When the Seagulls soared their highest

Bill Morrison’s record at Tooradin is second to none. 196671 Picture: RUSSELL BENNETT

To solidify their rebirth in a new era of West Gippsland footy, the Seagulls revisited the glory years of their past on Saturday night at their Tooradin nest.

At a packed function at the Tooradin and District Sports Club, they celebrated ‘The Ultimate Team’ – the top 25 players from their golden era of 1970 to 1994.

During that period they claimed four premierships in the former South West Gippsland Football League – including three straight from 1970 to 1972, and another in 1975 – and another three in the West Gippsland Football League (1977, 1984, and 1985).

After a lean period in the former Casey Cardinia league and South East Football Netball League, the Gulls are once again in a competition in which they can compete with the best.

Their hopes of senior premiership glory are alive and well, which is in stark contrast to their years of playing a kind of damage-limitation football against the likes of powerhouse Berwick, Narre Warren, and Beaconsfield sides.

Saturday night – just days before a debut senior finals campaign in the WGFNC would get underway – was a reminder that, within the very fabric of their club, there’s the beating heartbeat of a champion.

That champion is William ‘Billy’ Morrison.

Bill was clearly taken aback by being named number 1 in the list of all-time great Seagulls from 1970 to 1994.

But his record is simply astonishing.

After being sensationally given his marching orders as Bunyip coach some 50 years ago, he crossed to the Seagulls and became their all-time greatest player.

He won senior best and fairest awards at the club in 1970, ’71, ’73, and ’74 and was a five-time premiership player (four of them as player-coach). He was a three-time league best and fairest winner in the SWGFL, and in 1977 – his only premiership-winning season at Tooradin in which he didn’t coach – he was the club’s president.

Bill was a brilliant, hard-nosed rover who consistently racked up huge numbers of possessions and was never beaten in one-on-one battles. Already an inducted legend of Tooradin-Dalmore, his status within the club only grew to new heights on Saturday night.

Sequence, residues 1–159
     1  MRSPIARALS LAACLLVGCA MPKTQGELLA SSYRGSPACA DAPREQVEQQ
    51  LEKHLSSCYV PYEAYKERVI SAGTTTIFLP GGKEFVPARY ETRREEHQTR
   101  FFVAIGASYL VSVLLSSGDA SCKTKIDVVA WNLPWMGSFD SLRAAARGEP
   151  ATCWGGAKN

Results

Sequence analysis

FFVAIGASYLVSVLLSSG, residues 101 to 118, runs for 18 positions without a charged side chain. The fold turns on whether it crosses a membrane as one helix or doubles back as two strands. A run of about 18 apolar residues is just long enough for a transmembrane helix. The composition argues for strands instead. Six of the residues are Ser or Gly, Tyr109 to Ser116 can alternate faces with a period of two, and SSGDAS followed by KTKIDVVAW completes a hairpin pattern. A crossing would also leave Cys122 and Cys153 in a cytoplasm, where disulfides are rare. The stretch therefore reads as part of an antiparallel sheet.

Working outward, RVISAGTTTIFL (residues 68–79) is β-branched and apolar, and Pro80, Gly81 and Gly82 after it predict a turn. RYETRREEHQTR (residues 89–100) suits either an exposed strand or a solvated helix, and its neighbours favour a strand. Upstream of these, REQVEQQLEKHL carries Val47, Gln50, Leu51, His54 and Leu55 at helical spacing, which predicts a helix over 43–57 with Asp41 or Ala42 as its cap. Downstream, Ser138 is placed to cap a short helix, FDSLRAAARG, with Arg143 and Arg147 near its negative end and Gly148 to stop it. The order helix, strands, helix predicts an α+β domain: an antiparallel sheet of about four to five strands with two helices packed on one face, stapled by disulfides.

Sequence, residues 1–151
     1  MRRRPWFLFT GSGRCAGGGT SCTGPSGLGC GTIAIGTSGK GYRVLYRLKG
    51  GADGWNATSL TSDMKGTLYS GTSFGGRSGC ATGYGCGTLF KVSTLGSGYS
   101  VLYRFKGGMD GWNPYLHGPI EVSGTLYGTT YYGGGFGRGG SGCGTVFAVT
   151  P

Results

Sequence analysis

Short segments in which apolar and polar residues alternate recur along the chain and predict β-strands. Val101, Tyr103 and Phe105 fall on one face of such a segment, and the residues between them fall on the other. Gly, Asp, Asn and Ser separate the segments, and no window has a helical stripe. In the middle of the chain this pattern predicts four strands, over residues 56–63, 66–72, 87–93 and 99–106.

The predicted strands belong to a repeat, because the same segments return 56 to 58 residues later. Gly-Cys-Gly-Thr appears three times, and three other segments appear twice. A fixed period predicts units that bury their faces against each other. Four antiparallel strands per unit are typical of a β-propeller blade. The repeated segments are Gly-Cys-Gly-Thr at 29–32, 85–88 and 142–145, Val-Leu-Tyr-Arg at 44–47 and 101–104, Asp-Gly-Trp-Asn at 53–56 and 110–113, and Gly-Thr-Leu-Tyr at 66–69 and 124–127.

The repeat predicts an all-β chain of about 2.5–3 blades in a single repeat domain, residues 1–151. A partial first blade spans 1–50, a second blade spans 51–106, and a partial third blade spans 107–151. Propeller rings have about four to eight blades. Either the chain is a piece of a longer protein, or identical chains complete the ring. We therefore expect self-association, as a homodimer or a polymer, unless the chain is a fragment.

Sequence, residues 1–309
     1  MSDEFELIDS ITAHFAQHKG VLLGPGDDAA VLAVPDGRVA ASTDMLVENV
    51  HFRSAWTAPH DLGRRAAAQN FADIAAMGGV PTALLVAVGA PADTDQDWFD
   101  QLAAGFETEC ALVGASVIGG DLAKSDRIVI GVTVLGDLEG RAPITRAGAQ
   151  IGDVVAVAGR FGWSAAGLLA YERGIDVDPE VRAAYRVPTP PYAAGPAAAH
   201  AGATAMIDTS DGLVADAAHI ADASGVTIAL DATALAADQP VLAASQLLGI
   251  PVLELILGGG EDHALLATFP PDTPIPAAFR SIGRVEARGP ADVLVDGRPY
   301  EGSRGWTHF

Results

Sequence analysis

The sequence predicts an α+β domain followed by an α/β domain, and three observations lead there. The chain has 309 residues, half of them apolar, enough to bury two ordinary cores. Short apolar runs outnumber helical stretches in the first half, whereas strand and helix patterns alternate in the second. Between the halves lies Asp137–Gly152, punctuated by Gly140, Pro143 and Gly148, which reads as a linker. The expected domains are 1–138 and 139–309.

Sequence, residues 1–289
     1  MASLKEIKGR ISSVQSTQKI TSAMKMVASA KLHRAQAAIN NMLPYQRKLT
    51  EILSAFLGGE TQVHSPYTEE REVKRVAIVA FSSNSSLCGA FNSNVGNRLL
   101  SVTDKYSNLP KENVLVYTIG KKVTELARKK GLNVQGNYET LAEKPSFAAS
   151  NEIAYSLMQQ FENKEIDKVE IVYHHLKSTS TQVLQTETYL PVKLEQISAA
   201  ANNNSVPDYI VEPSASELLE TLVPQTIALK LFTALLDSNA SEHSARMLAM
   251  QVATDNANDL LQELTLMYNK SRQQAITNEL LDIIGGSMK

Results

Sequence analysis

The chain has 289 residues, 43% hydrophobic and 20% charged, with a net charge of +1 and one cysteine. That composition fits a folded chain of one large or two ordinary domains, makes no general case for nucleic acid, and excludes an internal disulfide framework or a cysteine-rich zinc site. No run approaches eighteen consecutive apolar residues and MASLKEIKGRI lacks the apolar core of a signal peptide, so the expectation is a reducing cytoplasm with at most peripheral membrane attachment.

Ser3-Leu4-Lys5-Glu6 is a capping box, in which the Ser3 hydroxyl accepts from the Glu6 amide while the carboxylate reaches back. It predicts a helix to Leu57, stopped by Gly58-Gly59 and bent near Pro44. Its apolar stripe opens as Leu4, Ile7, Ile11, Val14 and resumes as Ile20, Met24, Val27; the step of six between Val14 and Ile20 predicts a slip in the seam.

Current Tooradin-Dalmore vice president and past president Derek Genoni became quite emotional when talking about Bill’s impact on the club, and what the night meant to both men was obvious.

“I’d like to congratulate the club on giving us the chance to indulge,” Bill said, after accepting his award in front of a standing ovation from the Seagull faithful.

“I was recruited as a failed coach from Bunyip, and I’d been playing football around Victoria for a while before I came here, but this wonderful club gave me the opportunity to coach again and the football gods shone on us. We had a great group of people – the players, committee, supporters, everyone. It was a marvellous time.

“Good luck to all the current players – if the football gods smile on you, it (premiership success) will happen, and if you put in it’ll make those gods happy.”

Allan Patterson was the first to be named in the prestigious list, at #25, on Saturday night. He joined the Seagulls in 1974 and won premierships in 1975 and 1977. He was a brilliant utility player – used as a key forward, on-baller, or even backman at various stages.

Others to be named in the list included: At number 17, Gulls life member, multiple premiership player, and the former league best and fairest-winning dominant ruckman of West Gippsland Chris Denereaz; and former athletic key forward Barry Eaton, who was named at number 15 after winning a record six senior premierships with the Seagulls.

Many of those named in the top 25 spoke on the night, including former North Melbourne player and strongly-built centreman Geoff Burke, who after being named at number 14, gave one of the function’s most memorable speeches.

Ex-Dandenong VFA champion Pat Flaherty, who led West Gippsland’s goal-kicking in 1983, was a three-time leading goal-kicker at Tooradin, and kicked five goals in both their 1984 and 1985 premiership sides – which he also coached – was named at number 11, in a sign of just how rich the Gulls’ history of on-field brilliance is.

A video interview with him, conducted by fellow Tooradin-Dalmore icon Greg ‘Big Boy’ Bethune, was another of the night’s highlights.

To even be eligible to be named among the top 25 from 1970 to 1994 players had to have played at least two seasons for the club in that period, and their selection was based on performances for Tooradin-Dalmore – not their achievements at other clubs.

Each player who was named to the side on Saturday night was presented by a current member of the Gulls group, in a fantastic touch to bridge the eras.

Ex-St Kilda VFL player, and two-time Seagulls premiership winner Dennis Bartley (#8); and the star VFA player once dubbed by the Dandenong Journal as ‘Mr Football’, Gerry Pennefather (#5) also featured prominently within the top 25.

John Vandermeer (#2) was featured via a pre-recorded interview in England with Jon Gahan. He has one of the more famous stories from the Gulls’ golden era – having been flown in from England to help them secure the in 1985 flag. He was a four-time Tooradin-Dalmore best and fairest winner, a league best and fairest winner in 1987, and a two-time Gulls premiership star.

Dedicated hard work from the likes of Derek Genoni, Mark Amalfi, Ian Adams, Graeme Bell, Rob Cameron, and the current Tooradin-Dalmore Football Netball Club committee combined to make Saturday night a truly remarkable occasion.